You should see or hear your coffee perking every one or two seconds. According to the Specialty Coffee Association of America, this will get you closest to the ideal temperature for brewing coffee, which is around 200º F (93º C).
The Science of Temperature and Coffee Flavor
When you make coffee, whether brewing or perking, you are also extracting dozens of different types of molecules. These molecules will ultimately determine the aroma and flavor of your cup. Not all of these molecules are extracted in the same way, however. Because of this, researchers have studied the topic extensively.
Some molecules have a high polarity, meaning they are easily water-soluble and will extract at lower temperatures. In coffee, this includes caffeine as well as sugars and organic acids. Under-extracting coffee, either with insufficient time or temperature, leads to these molecules being dominant. This results in overly acidic coffee with a taste that is sometimes grassy.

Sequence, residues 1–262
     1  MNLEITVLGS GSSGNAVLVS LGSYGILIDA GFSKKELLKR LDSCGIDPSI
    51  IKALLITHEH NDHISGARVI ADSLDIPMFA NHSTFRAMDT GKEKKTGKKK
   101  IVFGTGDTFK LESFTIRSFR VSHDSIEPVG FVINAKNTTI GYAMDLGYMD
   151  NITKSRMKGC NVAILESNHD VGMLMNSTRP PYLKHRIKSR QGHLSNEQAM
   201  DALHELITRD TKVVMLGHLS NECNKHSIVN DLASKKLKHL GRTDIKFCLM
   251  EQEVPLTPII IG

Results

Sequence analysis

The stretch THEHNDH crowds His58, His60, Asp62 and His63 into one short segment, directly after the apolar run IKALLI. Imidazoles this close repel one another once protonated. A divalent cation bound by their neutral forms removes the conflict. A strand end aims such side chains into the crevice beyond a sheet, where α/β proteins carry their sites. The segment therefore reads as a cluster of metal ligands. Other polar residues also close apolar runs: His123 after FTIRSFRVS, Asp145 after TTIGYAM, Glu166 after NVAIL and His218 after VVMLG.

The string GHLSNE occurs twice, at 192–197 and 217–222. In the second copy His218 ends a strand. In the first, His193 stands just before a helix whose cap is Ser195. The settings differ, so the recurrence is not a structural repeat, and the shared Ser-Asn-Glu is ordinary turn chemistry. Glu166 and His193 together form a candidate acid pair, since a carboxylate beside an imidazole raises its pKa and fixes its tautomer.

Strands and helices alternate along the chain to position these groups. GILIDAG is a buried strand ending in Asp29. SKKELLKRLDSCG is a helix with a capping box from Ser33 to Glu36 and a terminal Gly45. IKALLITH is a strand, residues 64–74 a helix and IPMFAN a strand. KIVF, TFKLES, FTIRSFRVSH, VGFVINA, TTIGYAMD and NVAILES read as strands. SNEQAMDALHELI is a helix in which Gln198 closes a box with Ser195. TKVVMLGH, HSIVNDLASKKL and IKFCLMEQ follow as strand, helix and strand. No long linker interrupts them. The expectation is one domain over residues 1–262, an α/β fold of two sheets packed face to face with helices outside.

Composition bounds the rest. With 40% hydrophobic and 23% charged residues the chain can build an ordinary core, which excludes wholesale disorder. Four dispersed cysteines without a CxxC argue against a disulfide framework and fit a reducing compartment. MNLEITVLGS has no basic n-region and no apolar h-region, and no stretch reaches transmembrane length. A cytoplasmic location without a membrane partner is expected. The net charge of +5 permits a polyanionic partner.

Low polarity molecules require more time and a higher temperature to extract. Coffee's flavor is predominantly influenced by phenylindanes, which have a bitter flavor characteristic of coffee. The roasting process creates these molecules, and perking extracts them. Over extracting these chemicals leads to acrid coffee.
The way you control the time and temperature of your percolating balances these high and low polarity molecules. Every time you perk or brew a cup of java, you are both a barista and chemist. It takes equal parts art and science to get your coffee just the way you like it.
How to use a percolator
To perk yourself a perfect cup, follow the simple instructions below.
1. Fill the reservoir with water
Use filtered water for the best flavor. Measure your water so you can add the correct amount of coffee.
2. Measure, Grind and Add Coffee beans to the basket
We recommend starting with medium-roast coffee beans and a medium-coarse roast. A ratio of 2 heaping tablespoons or 13 grams for every cup of water you add is an excellent place to start too. Play around with the roast and ratio to find what works best for you.